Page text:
Have you ever been frustrated with a USMLE World or other question bank question? I know I certainly have. I remember studying for the USMLE and wanting to slam my computer down in frustration when a question that I was certain I answered correctly popped up in red as an incorrect. Fortunately, with time, patience, and dedication I was eventually able to work through the question banks and learn the ins and outs necessary for mastering the boards – but many students are not as fortunate – this is why I tutor.
Few things are as rewarding as using the knowledge and insight that I have gained to help another student master the USMLE and score higher than they could have dreamed. Unfortunately, many students are reluctant to pursue tutoring either due to stigma or misunderstanding of what a tutor can do for their score.
With a tutor, everything is individualized to the specific student – there is no one-size-fits-all approach to learning. Unlike other review programs that are recorded and designed to fit most students, finding a tutoring program, helps develop an approach that fits your strengths and weaknesses. When I first meet with a student, I review their NBMEs, question banks, and coursework history to determine the best approach. Someone struggling with pharmacology and microbiology might benefit most from flashcards, whereas students struggling with two and three step questions should consider adding a second or even third question bank to their study plans. Individualized calendars ensure you are getting through the material at an effective and efficient pace while also giving you extra repetitions with material in which you struggle.
One of the most common reasons that students struggle to master the USMLE is a term that I’ve coined as resourcecytosis – having too many resources and, oftentimes, the wrong resources. As the co-director of medical education at Med School Tutors, I am responsible for our resource review committee that is constantly working to evaluate each new resource and to ensure that our students are using the best material available. By using a tutor, you are benefiting from their experience and will undoubtedly be using the best resources on the market. For instance, I can tell you that USMLE World and BoardVitals are the best question banks on the market; that Pathoma is a great adjunct for your Step 1 studies; and that Memorang is the best flashcard app.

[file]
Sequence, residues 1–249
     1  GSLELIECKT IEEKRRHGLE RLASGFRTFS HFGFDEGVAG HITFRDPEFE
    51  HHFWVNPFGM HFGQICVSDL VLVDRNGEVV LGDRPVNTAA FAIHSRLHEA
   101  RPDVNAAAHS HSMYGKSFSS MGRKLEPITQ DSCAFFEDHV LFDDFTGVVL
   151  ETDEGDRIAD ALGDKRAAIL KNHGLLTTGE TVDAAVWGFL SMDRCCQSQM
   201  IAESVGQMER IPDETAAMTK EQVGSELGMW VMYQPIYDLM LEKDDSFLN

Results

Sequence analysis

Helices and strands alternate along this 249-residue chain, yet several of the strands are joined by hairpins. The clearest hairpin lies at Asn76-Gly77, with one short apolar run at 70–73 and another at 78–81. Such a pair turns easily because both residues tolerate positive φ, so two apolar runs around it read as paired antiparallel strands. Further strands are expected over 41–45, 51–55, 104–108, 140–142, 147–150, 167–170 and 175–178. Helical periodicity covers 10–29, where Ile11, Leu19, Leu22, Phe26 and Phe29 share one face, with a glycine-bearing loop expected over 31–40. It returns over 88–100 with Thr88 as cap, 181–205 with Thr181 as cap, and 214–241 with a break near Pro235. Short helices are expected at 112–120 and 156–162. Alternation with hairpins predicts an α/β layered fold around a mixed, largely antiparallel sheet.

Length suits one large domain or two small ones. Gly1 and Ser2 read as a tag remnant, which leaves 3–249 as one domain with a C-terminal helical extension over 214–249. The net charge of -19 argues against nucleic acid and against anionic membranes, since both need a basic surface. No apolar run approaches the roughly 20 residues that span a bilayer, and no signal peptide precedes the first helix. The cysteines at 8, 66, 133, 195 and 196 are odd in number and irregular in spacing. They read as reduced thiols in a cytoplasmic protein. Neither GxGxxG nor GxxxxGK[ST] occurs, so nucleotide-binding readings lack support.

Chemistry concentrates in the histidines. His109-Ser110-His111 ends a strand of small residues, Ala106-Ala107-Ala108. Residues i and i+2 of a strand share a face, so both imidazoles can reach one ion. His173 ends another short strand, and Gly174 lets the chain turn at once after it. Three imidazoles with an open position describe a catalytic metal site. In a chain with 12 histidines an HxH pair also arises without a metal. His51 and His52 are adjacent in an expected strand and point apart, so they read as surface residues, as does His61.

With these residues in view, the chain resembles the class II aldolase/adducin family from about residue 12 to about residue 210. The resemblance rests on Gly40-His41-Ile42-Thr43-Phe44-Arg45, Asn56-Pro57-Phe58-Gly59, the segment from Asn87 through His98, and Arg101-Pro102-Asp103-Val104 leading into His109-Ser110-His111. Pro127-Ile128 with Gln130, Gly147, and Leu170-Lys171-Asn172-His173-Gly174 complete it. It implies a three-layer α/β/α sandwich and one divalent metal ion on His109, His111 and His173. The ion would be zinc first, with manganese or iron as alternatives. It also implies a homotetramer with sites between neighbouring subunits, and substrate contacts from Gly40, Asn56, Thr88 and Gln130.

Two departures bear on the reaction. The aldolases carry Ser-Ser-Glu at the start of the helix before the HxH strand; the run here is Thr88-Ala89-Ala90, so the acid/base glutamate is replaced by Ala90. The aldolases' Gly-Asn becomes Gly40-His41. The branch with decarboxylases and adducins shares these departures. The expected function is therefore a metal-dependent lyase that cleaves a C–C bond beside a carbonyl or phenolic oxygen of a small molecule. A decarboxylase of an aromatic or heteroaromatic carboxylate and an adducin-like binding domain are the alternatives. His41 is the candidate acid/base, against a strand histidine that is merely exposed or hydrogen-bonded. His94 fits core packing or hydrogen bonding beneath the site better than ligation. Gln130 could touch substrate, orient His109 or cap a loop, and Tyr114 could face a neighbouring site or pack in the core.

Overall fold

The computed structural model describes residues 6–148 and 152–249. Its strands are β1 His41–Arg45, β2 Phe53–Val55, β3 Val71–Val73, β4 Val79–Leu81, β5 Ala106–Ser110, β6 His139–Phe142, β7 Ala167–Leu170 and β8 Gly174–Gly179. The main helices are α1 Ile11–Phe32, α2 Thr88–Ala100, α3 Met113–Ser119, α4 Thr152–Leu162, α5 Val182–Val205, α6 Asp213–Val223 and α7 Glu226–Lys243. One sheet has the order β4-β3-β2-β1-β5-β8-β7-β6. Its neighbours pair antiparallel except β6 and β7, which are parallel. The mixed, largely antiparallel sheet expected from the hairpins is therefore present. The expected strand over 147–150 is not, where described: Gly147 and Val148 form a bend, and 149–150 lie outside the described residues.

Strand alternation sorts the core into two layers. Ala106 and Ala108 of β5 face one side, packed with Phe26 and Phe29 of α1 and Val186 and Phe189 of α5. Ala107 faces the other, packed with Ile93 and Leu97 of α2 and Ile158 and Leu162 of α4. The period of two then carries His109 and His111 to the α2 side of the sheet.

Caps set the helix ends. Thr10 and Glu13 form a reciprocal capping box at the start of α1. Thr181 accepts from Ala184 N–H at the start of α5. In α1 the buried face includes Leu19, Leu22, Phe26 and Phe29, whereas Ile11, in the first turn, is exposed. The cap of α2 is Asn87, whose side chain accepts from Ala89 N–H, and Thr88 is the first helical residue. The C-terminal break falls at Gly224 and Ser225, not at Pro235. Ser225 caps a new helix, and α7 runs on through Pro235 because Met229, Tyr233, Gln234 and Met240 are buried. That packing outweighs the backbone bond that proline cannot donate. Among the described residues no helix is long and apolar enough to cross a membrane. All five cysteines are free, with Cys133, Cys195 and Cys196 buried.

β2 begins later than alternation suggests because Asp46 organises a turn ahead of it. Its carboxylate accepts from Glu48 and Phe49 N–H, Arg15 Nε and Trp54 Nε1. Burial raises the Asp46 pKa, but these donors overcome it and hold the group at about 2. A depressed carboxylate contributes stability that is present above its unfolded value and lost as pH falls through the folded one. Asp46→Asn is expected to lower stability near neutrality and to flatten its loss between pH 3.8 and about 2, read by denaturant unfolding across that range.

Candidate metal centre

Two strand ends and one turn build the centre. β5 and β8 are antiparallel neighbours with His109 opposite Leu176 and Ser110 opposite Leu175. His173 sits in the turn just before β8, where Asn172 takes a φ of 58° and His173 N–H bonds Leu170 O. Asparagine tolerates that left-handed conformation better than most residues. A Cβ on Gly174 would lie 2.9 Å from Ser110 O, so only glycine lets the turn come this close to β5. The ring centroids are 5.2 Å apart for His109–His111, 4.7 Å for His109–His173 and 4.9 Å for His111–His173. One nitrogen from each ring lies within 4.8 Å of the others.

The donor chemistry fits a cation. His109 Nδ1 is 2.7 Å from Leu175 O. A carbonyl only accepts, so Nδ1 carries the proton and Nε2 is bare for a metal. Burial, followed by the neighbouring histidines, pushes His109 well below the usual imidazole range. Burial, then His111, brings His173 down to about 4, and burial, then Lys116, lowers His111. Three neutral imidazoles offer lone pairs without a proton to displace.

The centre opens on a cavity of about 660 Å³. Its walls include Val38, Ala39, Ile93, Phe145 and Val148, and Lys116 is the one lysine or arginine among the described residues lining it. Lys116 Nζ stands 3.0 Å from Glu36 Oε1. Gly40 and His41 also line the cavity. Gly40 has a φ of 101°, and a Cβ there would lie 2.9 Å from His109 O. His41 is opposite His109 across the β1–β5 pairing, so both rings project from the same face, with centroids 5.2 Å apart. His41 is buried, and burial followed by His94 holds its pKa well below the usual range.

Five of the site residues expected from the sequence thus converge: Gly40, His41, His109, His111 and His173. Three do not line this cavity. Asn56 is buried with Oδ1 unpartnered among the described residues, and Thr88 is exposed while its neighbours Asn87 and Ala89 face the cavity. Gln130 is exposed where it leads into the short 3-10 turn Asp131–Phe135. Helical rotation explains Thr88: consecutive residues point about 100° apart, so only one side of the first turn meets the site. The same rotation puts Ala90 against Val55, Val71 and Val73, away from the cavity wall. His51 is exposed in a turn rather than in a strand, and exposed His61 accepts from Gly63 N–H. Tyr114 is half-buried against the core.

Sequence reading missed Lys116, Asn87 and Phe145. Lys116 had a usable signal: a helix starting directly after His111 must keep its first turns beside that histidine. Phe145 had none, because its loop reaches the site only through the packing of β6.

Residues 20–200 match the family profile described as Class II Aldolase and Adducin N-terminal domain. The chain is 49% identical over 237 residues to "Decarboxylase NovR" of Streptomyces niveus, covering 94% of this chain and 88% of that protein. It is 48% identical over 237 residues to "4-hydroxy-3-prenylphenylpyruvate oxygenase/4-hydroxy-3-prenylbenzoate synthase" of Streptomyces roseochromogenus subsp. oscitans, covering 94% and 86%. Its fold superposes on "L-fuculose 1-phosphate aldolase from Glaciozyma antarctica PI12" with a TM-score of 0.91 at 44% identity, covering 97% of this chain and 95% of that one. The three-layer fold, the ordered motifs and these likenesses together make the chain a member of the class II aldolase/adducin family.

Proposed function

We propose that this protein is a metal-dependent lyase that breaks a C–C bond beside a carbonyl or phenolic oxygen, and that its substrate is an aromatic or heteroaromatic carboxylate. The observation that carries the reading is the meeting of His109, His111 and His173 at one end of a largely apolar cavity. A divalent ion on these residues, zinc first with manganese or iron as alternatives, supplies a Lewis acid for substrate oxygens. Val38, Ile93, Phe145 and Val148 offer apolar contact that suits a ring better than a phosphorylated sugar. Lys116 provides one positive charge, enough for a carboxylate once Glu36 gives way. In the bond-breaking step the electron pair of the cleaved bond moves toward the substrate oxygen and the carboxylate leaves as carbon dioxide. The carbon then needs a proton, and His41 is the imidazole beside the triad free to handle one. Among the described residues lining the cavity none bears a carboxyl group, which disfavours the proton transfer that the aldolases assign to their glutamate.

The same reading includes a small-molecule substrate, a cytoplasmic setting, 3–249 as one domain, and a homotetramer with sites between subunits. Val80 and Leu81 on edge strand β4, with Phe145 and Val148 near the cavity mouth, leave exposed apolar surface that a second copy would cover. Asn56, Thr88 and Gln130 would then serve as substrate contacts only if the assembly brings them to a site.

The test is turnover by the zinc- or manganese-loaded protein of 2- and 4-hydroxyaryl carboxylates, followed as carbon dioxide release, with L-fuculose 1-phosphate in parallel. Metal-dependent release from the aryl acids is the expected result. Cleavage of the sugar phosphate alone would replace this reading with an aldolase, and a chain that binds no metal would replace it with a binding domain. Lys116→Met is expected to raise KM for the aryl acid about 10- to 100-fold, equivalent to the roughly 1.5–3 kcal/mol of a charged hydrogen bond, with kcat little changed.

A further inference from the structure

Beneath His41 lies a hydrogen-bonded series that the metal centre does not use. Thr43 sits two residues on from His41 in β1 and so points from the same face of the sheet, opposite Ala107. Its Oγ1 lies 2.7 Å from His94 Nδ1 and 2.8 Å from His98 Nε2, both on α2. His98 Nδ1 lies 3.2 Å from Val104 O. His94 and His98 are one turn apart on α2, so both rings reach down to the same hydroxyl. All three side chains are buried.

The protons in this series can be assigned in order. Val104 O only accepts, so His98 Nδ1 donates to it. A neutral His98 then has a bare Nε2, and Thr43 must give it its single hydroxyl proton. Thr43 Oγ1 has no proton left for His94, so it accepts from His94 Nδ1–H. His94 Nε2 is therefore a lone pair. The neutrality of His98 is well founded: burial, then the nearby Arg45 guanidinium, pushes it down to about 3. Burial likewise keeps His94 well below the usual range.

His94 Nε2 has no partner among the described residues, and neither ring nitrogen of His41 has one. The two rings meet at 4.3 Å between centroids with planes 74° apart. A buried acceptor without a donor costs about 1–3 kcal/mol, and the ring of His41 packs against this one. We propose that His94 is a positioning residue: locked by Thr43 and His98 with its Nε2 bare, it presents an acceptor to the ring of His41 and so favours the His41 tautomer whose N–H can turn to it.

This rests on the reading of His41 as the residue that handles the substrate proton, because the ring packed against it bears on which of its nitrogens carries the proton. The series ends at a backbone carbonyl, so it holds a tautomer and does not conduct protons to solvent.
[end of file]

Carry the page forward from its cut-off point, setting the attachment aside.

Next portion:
Test Taking Strategy
Here are just a few things that I’ve learned by seeing tens of thousands of questions, reviewing every NBME, and talking to my students:
- If a question features a patient with pancreatitis getting intubated, then the answer is Acute Respiratory Distress Syndrome (ARDS)
- If there are your typical pneumonia symptoms (cough, fever, etc) plus GI symptoms then the answer is Legionella
- If a patient underwent a cholecystectomy and they did not have an intraoperative cholangiogram, then the answer will be a retained gallstone or a need to perform ERCP
When you work with a tutor, you are allowing them to share their test-taking expertise with you.
We believe that the best tutoring session is one that addresses didactic needs (i.e. teaching someone how to recognize different murmurs) and then uses practice questions to reinforce that knowledge.
By looking at USMLE World or BoardVitals questions together, I can learn if someone is missing questions simply because there is a gap in their knowledge base or if there is a problem with their test taking strategy. From there, I teach them useful tips like how to break down a question and summarize key details, utilize process of elimination to hone in on the correct answer, and timing skills that will ensure they are never rushed. At the end of the day, knowledge is half the battle – learning how to apply that knowledge is what separates a good score from a great one.
Good luck studying!